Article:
White, R. S. (2008) The Case for a Thermal Origin of Magmatism on the North Atlantic Continental Margin. EOS, Transactions AGU Fall Meeting, Supplement, Abtract, 89 (53). T31D-02 INVITED.Full text not available from this repository.
The cause of the magmatism on 'volcanic' continental margins is still disputed, specifically as to whether it is due to increased mantle temperatures. New normal incidence and wide-angle seismic profiles across the Faroe and Hatton Bank volcanic margins in the NE Atlantic enable us to constrain the seismic velocities and volumes of both the extruded and intruded melt. Near the Faroe Islands, for every 1 km along strike, 360-- 400 cubic kilometers of basalt was extruded, while 540--600 cubic kilometers was intruded into the continent- ocean transition (COT). Lower-crustal intrusions are focused mainly into a narrow zone about 50 km wide on the COT, whereas extruded basalts flow more than 100 km from the rift. Deep-penetration seismic profiles show that melt is intruded into the lower crust as sills which cross-cut the continental fabric, rather than as 'underplate' of 100 per cent melt as has previously often been assumed. This means that measured lower-crustal velocities represent a mixture of continental crust and new igneous rock. Tomographic inversion of wide-angle traveltimes from 85 ocean bottom seismometers constrain average lower-crustal seismic velocities as 6.9-7.3 km/s under the COT, intermediate between the velocities of the continental crust and fully igneous oceanic crust on either side. By comparison with theoretical curves of igneous thickness versus seismic velocity (H- Vp), our observations are consistent with the dominant control on the melt production being elevated mantle temperatures, with no requirement for either significant active small-scale mantle convection under the rift or of the presence of fertile mantle at the time of continental breakup as suggested for the North Atlantic by other authors. The mantle temperature anomaly was c. 130-150°C above normal at the time of continental breakup, decreasing steadily by about 75°C over the first 10 Ma of seafloor spreading. Comparison with the conjugate Greenland margins reveal a similar history of elevated mantle temperatures at breakup time, but asymmetry in the conjugate structures suggests that initial continental stretching led to asymmetric crustal structures, as is frequently observed on non-volcanic margins, before the entire rift region was covered by igneous rocks. White, R. S. et al. (2008). Lower-crustal intrusion on the North Atlantic continental margin, Nature, v. 452, pp. 460-464.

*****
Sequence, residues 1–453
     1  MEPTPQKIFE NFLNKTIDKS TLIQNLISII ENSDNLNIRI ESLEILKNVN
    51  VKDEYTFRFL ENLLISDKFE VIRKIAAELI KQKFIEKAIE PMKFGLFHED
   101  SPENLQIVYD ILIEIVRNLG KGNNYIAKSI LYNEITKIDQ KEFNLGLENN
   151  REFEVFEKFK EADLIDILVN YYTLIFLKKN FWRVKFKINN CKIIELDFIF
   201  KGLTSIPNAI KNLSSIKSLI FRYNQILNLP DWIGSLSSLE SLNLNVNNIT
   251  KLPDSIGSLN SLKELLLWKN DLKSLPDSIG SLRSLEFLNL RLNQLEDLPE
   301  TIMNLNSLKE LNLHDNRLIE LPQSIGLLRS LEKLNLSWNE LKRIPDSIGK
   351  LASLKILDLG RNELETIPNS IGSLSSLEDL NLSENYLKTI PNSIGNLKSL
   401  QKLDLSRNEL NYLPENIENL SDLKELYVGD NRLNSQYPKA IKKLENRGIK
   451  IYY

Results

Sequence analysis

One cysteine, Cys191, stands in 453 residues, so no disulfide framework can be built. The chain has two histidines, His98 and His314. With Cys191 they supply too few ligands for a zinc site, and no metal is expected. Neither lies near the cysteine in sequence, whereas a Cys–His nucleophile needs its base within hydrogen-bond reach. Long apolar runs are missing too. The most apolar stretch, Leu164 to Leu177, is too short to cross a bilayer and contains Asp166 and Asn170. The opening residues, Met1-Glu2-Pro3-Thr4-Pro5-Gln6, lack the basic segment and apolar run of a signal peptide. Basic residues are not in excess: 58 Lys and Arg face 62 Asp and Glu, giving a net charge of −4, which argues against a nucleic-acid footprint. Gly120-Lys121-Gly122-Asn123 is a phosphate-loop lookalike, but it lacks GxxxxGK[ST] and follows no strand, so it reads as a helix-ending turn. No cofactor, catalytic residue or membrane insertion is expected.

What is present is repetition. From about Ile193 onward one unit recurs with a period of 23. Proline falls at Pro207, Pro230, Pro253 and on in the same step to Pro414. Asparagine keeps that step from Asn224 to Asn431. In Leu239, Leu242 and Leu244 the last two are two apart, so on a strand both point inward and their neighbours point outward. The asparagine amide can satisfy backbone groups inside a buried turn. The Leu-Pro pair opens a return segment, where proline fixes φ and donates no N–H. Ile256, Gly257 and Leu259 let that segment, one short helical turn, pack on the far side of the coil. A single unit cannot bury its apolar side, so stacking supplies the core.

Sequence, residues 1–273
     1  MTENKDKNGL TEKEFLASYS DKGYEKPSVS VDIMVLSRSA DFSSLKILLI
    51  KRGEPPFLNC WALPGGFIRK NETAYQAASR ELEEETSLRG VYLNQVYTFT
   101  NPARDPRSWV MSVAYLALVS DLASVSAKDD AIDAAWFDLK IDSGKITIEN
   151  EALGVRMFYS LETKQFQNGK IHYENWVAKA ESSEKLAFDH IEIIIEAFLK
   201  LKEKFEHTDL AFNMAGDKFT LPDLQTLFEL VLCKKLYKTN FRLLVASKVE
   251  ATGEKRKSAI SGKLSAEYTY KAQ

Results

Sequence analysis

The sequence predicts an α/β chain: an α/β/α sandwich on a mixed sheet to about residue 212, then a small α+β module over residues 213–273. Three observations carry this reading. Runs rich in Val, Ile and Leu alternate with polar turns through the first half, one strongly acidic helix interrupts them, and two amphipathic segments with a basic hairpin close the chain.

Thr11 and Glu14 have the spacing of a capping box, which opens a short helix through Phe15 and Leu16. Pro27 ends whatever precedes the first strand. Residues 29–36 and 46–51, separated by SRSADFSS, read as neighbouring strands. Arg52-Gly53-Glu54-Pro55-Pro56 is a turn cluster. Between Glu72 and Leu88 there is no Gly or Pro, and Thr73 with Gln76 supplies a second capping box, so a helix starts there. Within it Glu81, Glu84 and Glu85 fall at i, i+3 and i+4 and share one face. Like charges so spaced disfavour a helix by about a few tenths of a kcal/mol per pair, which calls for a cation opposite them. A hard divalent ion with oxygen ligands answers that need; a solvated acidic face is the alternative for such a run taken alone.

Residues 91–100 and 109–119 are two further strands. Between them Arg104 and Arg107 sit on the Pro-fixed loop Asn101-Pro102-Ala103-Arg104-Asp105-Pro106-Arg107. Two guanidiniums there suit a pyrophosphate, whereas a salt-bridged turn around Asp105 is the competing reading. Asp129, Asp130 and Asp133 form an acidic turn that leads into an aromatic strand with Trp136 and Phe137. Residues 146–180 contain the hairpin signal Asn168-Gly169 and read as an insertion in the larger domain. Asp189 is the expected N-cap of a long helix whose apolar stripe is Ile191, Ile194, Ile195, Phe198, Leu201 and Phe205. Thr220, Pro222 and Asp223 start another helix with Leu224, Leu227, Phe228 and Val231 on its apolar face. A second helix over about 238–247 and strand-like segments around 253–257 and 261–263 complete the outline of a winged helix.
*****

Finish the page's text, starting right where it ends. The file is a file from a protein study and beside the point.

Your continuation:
|Uncontrolled Keywords:||08AREP IA57 2008 P|
|Subjects:||02 - Geodynamics, Geophysics and Tectonics|
|Divisions:||02 - Geodynamics, Geophysics and Tectonics|
|Journal or Publication Title:||EOS, Transactions AGU Fall Meeting, Supplement, Abtract|
|Page Range:||T31D-02 INVITED|
|Depositing User:||Sarah Humbert|
|Date Deposited:||16 Feb 2009 13:04|
|Last Modified:||23 Jul 2013 10:08|
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